Inspired by V. Baker’s painfully awesome AG&G, I’m building a situation element generator into Grey Ranks. It was there all along, but instead of picking stuff, now it will be picked for you.

Vincent’s uses evocative but vague elements:

1 An ambitious farmer, hungry for gossip or silver.
2 The unscrupulous landlady of a roadside wayhouse.
3 A village executioner, practicing his trade on a caught burglar.

And I’m wondering if this is a good approach for GR, which takes a real documentary approach to the Warsaw Uprising. So I could go one of two ways:


1 A Nazi officer with a dangerous plan.
2 A concentration camp commandant in unexpected distress.
3 A murderous foreign thug intent on a massacre.


1 SS-Gruppenführer Heinz Reinefarth, mass murderer and commander of the elite urban warfare unit Gruppe Reinefarth.
2 SS-Hauptscharführer August Kretschmann, commandant of the Gęsiówka concentration camp, stuck with a pair of flat tires.
3 Ayaz Hesuinov, a particularly brutal Azeri officer of RONA, herding civilians into the Wola football stadium.

In some ways the same, in some different. The latter provides names (important) but constrains invention. The former allows free-wheeling associations, but kicks my documentarian goals in the teeth.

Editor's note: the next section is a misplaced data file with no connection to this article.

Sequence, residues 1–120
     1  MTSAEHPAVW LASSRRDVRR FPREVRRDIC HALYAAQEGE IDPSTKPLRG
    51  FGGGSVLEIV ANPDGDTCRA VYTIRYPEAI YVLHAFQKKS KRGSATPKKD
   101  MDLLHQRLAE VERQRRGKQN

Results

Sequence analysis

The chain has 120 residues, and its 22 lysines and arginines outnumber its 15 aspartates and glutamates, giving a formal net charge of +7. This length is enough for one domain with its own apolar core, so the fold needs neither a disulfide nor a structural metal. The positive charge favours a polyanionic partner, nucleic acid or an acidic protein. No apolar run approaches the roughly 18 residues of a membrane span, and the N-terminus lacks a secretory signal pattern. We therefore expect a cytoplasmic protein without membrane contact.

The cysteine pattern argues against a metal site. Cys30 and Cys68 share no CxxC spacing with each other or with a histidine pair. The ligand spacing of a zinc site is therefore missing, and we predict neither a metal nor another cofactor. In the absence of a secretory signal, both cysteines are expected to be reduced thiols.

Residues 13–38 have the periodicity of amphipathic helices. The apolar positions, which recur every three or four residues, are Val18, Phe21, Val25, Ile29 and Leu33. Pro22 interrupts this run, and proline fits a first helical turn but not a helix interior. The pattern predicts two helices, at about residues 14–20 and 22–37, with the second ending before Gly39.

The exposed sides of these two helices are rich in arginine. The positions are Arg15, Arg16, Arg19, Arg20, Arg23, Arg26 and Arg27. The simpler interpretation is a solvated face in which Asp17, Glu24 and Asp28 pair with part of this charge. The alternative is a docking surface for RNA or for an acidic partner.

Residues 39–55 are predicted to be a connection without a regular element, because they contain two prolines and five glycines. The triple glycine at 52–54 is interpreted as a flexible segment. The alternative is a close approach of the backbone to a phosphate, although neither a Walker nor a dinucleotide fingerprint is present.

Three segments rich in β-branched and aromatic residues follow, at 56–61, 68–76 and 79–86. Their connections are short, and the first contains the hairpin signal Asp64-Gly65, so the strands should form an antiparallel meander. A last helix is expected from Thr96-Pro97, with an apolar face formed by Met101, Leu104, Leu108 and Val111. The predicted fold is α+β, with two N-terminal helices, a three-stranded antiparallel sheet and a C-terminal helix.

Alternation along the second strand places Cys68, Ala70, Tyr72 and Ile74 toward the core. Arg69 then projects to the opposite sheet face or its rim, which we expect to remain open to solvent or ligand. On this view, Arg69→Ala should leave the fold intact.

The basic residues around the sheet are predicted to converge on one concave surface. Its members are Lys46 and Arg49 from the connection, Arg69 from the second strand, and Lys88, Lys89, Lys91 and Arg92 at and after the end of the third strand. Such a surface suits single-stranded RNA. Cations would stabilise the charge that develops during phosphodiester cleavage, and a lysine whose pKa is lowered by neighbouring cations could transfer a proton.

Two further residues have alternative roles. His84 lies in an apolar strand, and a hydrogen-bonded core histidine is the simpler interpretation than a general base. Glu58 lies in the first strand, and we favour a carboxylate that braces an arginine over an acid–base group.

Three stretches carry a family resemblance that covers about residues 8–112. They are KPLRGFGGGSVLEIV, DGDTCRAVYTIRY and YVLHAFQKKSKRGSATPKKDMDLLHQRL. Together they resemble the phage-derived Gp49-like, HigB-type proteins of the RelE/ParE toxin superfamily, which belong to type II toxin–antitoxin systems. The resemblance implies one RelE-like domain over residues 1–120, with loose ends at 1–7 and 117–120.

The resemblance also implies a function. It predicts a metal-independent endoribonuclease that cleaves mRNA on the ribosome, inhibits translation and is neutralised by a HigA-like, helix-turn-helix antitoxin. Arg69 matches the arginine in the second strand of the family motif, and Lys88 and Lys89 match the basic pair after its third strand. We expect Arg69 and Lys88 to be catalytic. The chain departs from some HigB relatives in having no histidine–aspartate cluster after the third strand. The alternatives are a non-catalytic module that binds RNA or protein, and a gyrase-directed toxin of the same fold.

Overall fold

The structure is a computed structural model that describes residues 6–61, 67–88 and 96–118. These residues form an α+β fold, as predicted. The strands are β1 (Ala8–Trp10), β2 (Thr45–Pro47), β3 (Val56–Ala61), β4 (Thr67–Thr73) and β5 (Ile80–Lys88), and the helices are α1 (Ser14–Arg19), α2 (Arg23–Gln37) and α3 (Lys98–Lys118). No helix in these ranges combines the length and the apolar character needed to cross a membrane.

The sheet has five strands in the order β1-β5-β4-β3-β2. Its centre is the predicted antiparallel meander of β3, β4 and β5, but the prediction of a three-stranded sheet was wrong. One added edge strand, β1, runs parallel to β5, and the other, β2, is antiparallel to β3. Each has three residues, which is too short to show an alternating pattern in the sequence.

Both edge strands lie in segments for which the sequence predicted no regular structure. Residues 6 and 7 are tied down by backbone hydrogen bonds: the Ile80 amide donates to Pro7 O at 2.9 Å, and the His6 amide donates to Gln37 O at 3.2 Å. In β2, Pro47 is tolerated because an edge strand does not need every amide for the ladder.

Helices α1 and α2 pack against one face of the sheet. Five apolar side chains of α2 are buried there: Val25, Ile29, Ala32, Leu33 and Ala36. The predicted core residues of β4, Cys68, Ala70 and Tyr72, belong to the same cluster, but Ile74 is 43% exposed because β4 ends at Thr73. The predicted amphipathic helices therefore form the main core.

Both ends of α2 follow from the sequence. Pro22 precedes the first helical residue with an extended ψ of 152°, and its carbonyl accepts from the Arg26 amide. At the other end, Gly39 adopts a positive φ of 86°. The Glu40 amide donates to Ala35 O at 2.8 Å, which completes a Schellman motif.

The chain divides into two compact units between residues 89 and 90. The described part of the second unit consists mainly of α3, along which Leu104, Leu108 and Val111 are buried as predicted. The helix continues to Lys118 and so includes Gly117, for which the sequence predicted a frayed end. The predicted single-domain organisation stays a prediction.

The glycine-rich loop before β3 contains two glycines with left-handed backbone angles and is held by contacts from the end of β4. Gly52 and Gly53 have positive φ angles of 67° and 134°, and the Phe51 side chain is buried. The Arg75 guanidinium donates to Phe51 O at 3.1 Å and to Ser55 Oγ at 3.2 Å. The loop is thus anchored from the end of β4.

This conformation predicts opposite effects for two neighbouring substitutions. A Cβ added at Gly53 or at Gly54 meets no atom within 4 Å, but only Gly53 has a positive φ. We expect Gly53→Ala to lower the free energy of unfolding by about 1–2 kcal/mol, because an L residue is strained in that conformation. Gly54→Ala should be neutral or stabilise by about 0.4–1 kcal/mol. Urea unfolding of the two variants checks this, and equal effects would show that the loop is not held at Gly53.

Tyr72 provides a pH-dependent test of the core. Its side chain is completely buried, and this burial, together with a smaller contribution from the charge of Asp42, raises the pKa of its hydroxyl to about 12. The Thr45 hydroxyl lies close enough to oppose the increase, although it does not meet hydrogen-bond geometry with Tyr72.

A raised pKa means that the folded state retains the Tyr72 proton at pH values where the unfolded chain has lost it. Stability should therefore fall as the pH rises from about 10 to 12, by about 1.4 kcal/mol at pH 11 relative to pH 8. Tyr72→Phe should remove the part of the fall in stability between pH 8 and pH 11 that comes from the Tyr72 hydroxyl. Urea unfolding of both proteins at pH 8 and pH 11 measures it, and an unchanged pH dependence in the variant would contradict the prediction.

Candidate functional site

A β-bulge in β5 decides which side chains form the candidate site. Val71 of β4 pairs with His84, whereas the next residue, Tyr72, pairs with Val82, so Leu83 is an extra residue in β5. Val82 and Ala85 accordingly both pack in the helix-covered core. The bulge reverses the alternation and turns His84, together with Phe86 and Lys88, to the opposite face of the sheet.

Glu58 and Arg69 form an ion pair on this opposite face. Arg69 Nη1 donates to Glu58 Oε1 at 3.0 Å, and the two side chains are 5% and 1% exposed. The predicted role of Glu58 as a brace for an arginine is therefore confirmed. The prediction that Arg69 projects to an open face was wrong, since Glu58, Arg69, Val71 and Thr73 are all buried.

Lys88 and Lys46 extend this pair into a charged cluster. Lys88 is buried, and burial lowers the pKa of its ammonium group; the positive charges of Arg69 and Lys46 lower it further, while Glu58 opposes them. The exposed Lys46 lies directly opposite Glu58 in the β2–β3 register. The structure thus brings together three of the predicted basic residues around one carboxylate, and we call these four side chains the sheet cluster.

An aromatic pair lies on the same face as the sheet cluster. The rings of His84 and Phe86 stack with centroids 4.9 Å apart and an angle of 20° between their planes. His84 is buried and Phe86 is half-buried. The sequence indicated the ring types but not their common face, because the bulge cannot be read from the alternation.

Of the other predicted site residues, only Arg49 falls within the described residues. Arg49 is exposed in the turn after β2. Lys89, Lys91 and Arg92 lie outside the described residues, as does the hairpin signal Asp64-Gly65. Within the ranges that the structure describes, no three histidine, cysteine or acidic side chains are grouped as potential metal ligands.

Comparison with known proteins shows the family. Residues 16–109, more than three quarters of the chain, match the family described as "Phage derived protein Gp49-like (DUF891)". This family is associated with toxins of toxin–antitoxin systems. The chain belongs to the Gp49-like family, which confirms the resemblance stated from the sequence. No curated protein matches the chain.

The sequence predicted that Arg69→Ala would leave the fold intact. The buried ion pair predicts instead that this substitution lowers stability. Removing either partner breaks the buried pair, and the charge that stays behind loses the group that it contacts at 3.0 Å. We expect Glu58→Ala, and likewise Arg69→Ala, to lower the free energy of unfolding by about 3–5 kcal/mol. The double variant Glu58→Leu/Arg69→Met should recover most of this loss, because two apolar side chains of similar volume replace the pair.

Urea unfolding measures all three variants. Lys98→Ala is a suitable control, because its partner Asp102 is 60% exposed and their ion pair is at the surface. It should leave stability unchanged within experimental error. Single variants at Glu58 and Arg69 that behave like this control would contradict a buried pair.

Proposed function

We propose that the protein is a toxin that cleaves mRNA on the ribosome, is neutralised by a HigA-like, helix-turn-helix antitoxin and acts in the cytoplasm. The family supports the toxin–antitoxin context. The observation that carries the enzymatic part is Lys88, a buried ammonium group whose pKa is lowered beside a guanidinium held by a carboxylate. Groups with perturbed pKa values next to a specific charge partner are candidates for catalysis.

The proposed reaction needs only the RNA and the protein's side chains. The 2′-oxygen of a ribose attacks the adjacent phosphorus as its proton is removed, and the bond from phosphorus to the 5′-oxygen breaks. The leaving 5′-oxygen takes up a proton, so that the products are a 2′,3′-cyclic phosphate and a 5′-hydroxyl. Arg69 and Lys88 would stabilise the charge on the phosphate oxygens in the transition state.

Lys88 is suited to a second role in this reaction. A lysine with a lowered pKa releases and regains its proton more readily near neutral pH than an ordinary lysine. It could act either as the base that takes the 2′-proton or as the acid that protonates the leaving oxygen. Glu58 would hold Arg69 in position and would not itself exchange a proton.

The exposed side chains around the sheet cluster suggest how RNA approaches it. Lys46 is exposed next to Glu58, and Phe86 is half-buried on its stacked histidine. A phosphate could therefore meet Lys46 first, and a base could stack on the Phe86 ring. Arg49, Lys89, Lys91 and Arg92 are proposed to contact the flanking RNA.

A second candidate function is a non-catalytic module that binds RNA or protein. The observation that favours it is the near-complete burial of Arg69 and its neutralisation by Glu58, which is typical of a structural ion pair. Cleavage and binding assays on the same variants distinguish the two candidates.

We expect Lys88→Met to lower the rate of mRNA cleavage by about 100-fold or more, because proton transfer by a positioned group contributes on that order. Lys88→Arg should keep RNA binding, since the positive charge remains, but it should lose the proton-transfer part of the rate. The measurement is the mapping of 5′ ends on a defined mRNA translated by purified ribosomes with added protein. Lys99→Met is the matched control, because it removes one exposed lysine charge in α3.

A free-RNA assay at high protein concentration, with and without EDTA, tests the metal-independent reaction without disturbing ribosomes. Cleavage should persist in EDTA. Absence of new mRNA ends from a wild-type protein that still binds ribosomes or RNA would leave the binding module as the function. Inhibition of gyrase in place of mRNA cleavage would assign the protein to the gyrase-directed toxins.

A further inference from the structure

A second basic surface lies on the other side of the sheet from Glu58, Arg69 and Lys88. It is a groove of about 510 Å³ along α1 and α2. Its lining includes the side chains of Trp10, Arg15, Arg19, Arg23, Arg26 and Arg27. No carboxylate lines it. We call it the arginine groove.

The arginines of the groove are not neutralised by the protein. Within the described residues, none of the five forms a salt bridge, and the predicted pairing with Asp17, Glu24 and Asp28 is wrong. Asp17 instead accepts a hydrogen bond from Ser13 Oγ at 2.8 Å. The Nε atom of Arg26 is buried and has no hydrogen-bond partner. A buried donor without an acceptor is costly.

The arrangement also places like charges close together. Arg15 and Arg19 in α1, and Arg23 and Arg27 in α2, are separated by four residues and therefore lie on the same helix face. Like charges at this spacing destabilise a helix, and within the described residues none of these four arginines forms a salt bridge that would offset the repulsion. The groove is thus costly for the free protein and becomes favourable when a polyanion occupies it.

Thoughts are welcome! I need some fresh eyes.

Grey Ranks: Pick-Lists
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4 thoughts on “Grey Ranks: Pick-Lists

  • April 20, 2006 at 2:43 pm

    I’ve always said that I think your grasp of “local color”- i.e. setting, names, historical context, etc.- is one of the most interesting aspects of your game design. My vote would be to go with the details (“Documentary Style”) by default, and perhaps leave openings for experienced players to jettison those defaults and roll their own once they’re comfortable.

  • April 21, 2006 at 7:22 am

    Thanks for that, Steve, it makes a lot of sense.

  • April 21, 2006 at 8:51 am


    I agree you should go with the documentary details. However, your documntary style examples 2 & 3 are better than example 1, because they not only name a historical figure, but also place that figure in a situation that is already in motion.

    I think this is a very interesting (and provocative) way to handle historical material and I am looking forward to seeing it up and running.


  • April 21, 2006 at 9:36 am

    I agree, Jon, and I’m trying to walk a line in crafting them that will allow some latitude in interpretation but still provide that documentary feel. We’ll see how it goes – I have to write 216 of these!

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